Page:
Be selective in COVID-19 vaccination without panicking about new strain: Experts

05 January 2021 | News

Moving Towards Herd Immunity as Cases in India are Coming Down

Source credit: Shutterstock

Source credit: Shutterstock

HEAL Health had recently organised episode-14 of HEAL-Thy Samvaad, in association with The International Council for the Control of Iodine Deficiency Disorders (ICCIDD) to discuss the new COVID-19 strain and the vaccine conundrum.

“Less virulent strains spread wide, bringing asymptomatic and mild cases wherein herd immunity can develop faster. Therefore, in India, we need to wait and watch and be selective in terms of vaccination and no need to panic because of the new strain of Covid-19", said Dr (Prof) Amitav Banerjee, Professor & Head of Community Medicine, Dr DY Patil Medical College, Pune, elaborating on the new strain and vaccination, at the Samvaad. 

While speaking on the nature of the virus and its mutation tendencies, Dr Samiran Panda, Head, Epidemiology and Communicable Diseases Division & Director and Scientist of ICMR-National AIDS Research Institute (NARI) said, “High transmissibility does not necessarily go hand in hand with high virulence. A balanced symbiotic relationship thus evolves over a period of time in which a virus goes from an epidemic existence to an endemic one and with less virulence potential.”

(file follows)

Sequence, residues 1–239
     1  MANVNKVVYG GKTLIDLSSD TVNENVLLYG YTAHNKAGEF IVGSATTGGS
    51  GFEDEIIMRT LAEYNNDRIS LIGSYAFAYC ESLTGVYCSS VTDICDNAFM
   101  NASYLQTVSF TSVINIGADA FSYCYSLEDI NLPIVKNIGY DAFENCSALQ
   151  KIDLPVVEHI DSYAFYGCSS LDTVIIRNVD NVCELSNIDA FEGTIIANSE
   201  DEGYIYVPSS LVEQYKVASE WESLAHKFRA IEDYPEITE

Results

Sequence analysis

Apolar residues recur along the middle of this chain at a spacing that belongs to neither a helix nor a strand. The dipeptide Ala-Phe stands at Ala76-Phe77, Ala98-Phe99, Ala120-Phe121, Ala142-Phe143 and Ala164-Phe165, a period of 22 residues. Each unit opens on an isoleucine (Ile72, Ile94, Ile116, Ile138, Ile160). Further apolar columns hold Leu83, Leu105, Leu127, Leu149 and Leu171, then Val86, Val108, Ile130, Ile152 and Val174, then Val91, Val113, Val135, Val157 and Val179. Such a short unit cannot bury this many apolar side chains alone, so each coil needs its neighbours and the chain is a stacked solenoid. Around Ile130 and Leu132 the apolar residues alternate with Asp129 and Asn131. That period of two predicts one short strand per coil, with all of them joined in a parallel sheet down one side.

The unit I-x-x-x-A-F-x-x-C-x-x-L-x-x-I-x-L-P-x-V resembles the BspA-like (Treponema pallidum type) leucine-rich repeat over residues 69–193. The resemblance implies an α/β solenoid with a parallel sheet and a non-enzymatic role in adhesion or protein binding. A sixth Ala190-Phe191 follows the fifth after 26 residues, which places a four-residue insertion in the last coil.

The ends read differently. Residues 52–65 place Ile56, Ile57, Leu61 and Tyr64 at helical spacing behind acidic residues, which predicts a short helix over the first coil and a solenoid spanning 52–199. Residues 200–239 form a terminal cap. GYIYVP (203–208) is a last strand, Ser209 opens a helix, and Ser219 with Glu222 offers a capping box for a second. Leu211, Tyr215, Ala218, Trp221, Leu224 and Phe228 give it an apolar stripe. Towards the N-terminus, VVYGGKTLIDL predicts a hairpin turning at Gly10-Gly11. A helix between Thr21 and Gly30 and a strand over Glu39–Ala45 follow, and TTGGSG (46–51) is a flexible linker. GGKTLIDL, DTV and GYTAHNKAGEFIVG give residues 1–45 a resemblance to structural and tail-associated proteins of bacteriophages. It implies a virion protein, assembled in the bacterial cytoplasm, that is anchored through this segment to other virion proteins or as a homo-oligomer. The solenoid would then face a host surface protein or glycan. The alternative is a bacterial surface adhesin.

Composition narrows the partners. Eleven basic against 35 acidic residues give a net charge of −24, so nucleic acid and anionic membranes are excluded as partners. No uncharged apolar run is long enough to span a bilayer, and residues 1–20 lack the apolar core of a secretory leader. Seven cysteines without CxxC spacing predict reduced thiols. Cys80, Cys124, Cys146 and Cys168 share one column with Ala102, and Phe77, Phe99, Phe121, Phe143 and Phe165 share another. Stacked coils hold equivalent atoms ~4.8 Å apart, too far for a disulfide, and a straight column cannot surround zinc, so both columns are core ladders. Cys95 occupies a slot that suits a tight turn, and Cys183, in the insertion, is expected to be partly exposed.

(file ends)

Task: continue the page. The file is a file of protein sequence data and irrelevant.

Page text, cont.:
Dr Sanjay Rai, Professor, Dept of Community Medicine, AIIMS, President, (IPHA) said, “Over a period of time, our natural infection will also help protect us. Vaccines in India are about to be placed. Perhaps, we are moving towards herd immunity because in India the cases are coming down.”

Elaborating on the new COVID strain and the vaccine conundrum, Dr JC Suri, Director, Dept of Pulmonary, Critical Care & Sleep Medicine, Fortis Hospital, Vasant Kunj, New Delhi said, “As the new COVID strain is concerned, it would be more transferable. People should go for institutional quarantine. This variant is not virulent. If it is spreading fast with virulence, it will help India in developing herd immunity.”


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